Epiduo main active ingredient is benzoyl peroxide, and it retailed for about $1,300 a year. The advertising spree neglected to mention that customers could just get a three-month supply of benzoyl peroxide for about $30.

It seems the supposedly independent AARS believed the once-a-day convenience was enough to justify a hundred-fold mark-up. Given a properly informed choice, customers might have disagreed.

Some might have happily paid premium prices, others would have preferred to start from the bottom of the price ladder and move up similar products until they find one that's effective, while still being the best value for money. An open platform like OPU might allow for this kind of possibility.

The shape of the solution

It's important that OPU goes beyond simply being a kind of skin-product network and integrates a community element where users can hear from others experiencing similar issues, get rewarded for participating in research and trialling new products, and otherwise get more deeply involved.

The research element is important because disrupting the industry means finding a way to induce more transparency into the research process itself. It's not about replacing professional recommendations so much as finding a way to introduce trust back into those recommendations and making it easier for people to access them.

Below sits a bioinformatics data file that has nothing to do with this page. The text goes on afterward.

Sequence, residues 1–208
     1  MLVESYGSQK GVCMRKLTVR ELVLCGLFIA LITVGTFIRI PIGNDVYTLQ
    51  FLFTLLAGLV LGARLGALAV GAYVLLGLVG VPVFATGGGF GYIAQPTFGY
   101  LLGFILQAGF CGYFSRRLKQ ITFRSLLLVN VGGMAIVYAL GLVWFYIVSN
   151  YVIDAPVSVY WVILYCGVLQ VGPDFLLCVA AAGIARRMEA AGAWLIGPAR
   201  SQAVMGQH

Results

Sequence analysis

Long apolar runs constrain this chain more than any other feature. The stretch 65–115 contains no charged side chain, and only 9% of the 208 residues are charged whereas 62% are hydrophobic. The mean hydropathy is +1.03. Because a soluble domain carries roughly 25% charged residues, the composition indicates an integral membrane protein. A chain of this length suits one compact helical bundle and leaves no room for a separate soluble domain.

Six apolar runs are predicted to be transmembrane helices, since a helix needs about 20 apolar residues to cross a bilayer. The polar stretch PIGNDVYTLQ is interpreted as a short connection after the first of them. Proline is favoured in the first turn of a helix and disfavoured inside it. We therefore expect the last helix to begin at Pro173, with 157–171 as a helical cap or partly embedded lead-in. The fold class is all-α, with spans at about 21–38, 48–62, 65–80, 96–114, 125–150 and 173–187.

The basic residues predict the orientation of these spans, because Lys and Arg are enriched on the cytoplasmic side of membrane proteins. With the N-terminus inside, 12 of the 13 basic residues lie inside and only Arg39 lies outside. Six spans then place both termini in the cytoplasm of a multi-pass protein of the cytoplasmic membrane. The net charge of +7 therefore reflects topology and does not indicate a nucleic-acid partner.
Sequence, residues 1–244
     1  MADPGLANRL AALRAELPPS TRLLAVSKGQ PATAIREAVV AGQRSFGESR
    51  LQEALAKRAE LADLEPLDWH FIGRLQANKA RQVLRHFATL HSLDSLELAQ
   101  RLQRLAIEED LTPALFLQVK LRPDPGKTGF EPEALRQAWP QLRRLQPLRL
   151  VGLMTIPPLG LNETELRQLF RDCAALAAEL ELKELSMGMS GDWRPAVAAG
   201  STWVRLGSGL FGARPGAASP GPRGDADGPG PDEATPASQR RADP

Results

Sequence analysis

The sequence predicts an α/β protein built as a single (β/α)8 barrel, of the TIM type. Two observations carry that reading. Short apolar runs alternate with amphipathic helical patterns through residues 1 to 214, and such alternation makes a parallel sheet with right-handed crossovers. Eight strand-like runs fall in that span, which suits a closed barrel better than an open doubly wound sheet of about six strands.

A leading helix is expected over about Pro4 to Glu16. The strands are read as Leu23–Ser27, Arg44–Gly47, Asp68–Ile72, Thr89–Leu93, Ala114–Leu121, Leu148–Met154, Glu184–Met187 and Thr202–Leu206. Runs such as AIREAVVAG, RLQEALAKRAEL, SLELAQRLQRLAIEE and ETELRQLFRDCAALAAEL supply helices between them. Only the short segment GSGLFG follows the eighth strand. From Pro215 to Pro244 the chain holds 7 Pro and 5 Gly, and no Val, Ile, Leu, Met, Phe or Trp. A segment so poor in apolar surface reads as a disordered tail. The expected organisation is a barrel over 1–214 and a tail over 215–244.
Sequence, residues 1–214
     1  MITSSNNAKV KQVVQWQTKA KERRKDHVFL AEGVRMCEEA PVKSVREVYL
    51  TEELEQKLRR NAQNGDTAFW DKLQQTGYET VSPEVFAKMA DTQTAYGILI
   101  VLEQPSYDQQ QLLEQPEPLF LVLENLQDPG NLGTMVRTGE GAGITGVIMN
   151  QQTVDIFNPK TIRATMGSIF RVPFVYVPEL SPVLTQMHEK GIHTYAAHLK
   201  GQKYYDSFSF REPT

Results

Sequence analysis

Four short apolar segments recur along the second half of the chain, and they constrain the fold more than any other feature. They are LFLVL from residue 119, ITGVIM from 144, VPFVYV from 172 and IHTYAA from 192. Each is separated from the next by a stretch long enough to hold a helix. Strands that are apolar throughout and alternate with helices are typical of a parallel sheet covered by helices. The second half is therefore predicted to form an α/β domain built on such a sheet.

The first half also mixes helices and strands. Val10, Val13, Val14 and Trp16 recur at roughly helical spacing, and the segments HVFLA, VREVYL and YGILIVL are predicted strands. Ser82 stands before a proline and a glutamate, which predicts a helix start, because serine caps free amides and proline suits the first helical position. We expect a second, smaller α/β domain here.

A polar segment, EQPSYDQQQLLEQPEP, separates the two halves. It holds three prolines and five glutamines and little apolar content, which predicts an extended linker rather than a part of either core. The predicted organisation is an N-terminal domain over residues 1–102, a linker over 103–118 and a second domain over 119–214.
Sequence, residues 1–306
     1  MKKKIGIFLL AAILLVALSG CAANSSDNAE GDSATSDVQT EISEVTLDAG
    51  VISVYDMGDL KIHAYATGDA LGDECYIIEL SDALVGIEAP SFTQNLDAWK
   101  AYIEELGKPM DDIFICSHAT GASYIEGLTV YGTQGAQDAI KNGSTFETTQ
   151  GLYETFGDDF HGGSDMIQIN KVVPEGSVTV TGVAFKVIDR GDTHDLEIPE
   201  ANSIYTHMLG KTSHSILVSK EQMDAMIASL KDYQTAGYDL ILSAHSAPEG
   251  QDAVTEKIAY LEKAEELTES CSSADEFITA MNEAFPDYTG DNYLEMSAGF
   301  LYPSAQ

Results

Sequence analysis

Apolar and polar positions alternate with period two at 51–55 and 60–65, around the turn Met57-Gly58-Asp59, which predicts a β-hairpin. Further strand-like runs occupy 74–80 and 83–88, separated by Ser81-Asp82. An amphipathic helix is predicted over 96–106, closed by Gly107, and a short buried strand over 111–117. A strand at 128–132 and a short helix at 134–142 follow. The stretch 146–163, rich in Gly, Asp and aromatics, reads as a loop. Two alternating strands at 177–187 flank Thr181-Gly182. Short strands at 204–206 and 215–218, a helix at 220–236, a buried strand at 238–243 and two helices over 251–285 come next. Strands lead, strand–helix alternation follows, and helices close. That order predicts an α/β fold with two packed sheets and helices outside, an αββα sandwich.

It might be a much more cost-effective way of accessing customers, research groups and brand evangelists in one place.

By offering real value to product manufacturers in a consumer-driven environment, the system might be able to bring the necessary incumbents on board simply because they can't afford to not be involved in the digital skincare hub.

For example, one manufacturer might move into the space with free samples for customers that successfully match with the product. If it proves to be effective, they might have just found themselves a paying customer for life. It will be extremely difficult for a competitor to yank that customer away from a product that definitely works with promises of something that may or may not work.

Both patients and practitioners will use the currency.

"Say a customer submits their skincare data to our AI platform, or signs up for a dermatologist's clinical trial, or a new skincare brand wants to use decentralised data to find a user group for a new product. OPU will become their standard payment method," the OPU white paper says.